After you earn your commercial driver’s license (CDL), there are a variety of job opportunities available to you within the trucking industry. This career can be very rewarding, and truckers can earn more than $69,000 a year. *
Our job placement assistance team can help you prepare and can find motor carriers that are hiring new CDL graduates. It’s a good idea to be prepared for the most common truck driver interview questions, as well as understanding how the trucking interview process is different from other industries.
The Basic Requirements for a Trucking Job
The trucking industry is regulated by the Department of Transportation (DOT) and the Federal Motor Carrier Safety Administration (FMCSA). In order to get a driving job, you will need to meet the basic requirements set by these agencies. This is true no matter which carrier you choose to work for.
Any company you apply to is required to check your motor vehicle record (MVR) and you should be prepared to explain any accidents or traffic violations. You should also expect a full background check and need to pass a drug test before you can begin safety-sensitive duties, i.e. driving.
It is important that you do not lie at any point during this process. If there is something on your record that is less than ideal, it’s better to be honest and explain how you have learned from it.
The Interview Process
How to Dress
Trucking interviews often have a more casual dress code than is the case for other industries. You will likely feel a bit overdressed in full professional attire, but you should still make an effort to make a good first impression. Business casual is usually a safe bet.
Questions to Expect
Each interview is a little different, but many of the same topics are covered. Although not every truck driver interview question listed here will come up, it’s better to be over-prepared than under-prepared.
Some questions to prepare to answer during your interview include:
How would you handle/how have you handled an accident?
Emphasize your focus on safety and staying calm, while being honest about any accidents that have occurred in the past.
What would you do if you were running late for a delivery?
Discuss how you would effectively communicate any delays and again emphasize your commitment to safety, even when unexpected factors affect your route.
What do you know about FMCSA regulations that apply to truck drivers?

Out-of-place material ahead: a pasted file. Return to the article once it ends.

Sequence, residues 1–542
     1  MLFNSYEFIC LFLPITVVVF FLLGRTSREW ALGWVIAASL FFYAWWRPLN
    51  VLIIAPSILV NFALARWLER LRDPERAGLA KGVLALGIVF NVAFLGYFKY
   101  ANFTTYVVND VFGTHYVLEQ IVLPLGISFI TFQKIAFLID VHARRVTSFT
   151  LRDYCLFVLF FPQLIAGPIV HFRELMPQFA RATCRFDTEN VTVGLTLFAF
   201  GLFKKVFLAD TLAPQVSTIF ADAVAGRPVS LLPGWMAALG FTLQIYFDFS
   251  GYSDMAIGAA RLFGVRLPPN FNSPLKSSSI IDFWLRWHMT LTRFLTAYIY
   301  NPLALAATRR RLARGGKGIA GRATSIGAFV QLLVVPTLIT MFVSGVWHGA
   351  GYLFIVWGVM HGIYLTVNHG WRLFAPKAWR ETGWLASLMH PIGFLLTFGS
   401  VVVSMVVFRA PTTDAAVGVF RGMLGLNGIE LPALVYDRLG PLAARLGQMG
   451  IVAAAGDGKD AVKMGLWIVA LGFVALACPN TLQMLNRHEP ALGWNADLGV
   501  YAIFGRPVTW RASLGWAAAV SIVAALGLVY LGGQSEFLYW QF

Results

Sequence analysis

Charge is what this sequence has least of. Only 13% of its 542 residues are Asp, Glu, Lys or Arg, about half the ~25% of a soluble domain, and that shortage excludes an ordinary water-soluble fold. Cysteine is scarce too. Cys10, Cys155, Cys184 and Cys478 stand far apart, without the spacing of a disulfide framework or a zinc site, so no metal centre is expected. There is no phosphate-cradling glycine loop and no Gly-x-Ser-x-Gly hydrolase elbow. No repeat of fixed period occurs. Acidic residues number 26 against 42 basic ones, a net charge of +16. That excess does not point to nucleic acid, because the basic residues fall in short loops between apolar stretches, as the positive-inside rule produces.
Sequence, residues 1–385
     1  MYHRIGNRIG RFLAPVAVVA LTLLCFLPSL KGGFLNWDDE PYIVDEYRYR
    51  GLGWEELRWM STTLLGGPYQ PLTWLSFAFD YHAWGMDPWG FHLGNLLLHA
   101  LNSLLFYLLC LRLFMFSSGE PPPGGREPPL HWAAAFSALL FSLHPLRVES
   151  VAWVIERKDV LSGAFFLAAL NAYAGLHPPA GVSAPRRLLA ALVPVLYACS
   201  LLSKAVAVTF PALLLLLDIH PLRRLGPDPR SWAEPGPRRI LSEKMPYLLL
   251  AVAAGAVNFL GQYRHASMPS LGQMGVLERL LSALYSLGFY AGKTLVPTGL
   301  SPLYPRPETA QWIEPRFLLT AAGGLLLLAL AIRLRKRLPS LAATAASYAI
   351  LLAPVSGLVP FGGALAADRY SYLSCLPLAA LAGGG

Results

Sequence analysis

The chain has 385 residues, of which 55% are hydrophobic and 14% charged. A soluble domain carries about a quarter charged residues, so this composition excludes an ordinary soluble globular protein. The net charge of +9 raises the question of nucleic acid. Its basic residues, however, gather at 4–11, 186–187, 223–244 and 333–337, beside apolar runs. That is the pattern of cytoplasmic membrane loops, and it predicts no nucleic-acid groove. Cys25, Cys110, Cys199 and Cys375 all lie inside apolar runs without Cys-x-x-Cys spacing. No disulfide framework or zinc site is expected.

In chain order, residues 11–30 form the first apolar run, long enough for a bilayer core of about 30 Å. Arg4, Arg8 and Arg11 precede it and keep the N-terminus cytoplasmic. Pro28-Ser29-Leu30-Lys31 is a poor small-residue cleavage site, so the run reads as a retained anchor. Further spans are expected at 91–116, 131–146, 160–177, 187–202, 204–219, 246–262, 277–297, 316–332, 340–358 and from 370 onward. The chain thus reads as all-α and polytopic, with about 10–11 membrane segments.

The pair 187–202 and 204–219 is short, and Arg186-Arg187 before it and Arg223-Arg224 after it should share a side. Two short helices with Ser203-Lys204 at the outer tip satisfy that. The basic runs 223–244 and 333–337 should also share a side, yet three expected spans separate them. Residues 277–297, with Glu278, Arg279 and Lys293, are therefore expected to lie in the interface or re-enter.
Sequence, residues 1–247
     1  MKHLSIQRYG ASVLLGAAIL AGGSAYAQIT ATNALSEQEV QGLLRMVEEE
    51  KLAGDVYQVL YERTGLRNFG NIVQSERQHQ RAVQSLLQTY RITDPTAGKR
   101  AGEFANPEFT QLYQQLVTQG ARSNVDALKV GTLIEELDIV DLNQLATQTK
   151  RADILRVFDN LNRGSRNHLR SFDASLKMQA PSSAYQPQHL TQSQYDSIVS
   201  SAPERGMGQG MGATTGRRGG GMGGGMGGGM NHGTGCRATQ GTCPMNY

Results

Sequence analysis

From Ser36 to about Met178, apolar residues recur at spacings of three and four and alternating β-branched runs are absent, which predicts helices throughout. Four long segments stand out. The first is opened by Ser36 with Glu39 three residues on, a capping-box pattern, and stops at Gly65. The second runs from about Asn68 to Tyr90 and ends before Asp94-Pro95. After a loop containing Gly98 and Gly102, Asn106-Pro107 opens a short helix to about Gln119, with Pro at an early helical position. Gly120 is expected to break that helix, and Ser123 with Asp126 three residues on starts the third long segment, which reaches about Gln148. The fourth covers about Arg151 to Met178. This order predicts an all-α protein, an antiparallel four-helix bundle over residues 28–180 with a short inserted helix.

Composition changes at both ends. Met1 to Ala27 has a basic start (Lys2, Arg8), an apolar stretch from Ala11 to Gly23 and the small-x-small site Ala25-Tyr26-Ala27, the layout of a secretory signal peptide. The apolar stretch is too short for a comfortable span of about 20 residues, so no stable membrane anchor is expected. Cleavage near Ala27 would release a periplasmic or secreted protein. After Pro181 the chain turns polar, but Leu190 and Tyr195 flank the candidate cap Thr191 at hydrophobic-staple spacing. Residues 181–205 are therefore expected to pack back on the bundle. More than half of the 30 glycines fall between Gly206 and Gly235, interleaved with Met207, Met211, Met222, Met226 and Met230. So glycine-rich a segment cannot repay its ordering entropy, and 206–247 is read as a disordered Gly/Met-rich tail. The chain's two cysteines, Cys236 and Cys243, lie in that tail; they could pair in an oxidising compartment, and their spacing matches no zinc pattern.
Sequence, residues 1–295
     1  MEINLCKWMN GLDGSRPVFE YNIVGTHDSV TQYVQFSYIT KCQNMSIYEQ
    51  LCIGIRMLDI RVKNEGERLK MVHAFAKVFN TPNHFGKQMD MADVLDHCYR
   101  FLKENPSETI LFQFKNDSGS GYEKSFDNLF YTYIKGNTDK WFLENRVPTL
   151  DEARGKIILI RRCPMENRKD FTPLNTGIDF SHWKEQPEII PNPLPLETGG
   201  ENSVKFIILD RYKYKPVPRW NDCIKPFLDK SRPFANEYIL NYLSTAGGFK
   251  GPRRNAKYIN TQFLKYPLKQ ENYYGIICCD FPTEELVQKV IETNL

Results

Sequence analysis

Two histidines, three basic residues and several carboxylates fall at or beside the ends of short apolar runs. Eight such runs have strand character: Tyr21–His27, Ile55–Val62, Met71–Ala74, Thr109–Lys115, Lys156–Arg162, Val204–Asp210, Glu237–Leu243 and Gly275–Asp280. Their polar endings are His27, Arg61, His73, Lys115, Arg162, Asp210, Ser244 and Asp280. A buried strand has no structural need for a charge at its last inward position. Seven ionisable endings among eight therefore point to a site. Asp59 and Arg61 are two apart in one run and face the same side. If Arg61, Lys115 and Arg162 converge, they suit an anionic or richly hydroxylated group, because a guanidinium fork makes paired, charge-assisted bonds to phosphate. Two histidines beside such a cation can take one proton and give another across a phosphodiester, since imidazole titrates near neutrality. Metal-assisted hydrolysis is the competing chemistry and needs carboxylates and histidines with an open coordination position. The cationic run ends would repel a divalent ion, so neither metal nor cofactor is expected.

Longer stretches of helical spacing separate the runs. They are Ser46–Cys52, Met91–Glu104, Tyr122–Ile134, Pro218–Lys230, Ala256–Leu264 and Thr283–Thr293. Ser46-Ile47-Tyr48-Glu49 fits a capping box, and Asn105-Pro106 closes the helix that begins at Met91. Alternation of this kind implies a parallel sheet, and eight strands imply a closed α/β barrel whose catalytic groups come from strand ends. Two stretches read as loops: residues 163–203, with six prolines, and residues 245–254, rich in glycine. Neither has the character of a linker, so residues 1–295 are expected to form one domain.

You will be expected to understand and follow hours of service (HOS) limits, pre-trip inspection requirements, and other regulations.
Why are you interested in this position?
This is a common question for almost any type of job interview, and it helps the interviewer determine whether you are committed to a trucking career.
What are your strengths as a truck driver?
Again, this type of question is likely to show up in any type of job interview, so be prepared to explain what you offer to your potential employer.
Questions to Ask
At the end of your interview, the last question is usually whether you have any questions to ask the interviewer.
Here are some questions you can ask during your driver interview:
What sorts of routes/hauls are most common for your drivers?
Are there opportunities to advance and if so, what are these?
What is your home time policy?
How are miles calculated (dispatched miles, practical mileage, household good miles, etc.) and what is the pay per mile?
What benefits are available?
Many trucking jobs will require you to complete a road test prior to hiring. If this is the case, be sure to do a thorough pre-trip inspection. This is an opportunity to show that will follow all necessary regulations. Throughout the road test, your best to calm your nerves and focus on driving safely.
Prepare For Your Trucking Career
If you love the open road and want to earn high pay as a trucker, HDS Truck Driving Institute (HDS truck driving school) can help you get started. Many of our students even have job offers prior to graduation.
To learn more about our CDL programs, contact us today.
*Professional truck drivers earn a mean annual wage of $48,710. The top 10% of truck drivers make more than $69,000 per year according to the 2020 Bureau of Labor Statistics.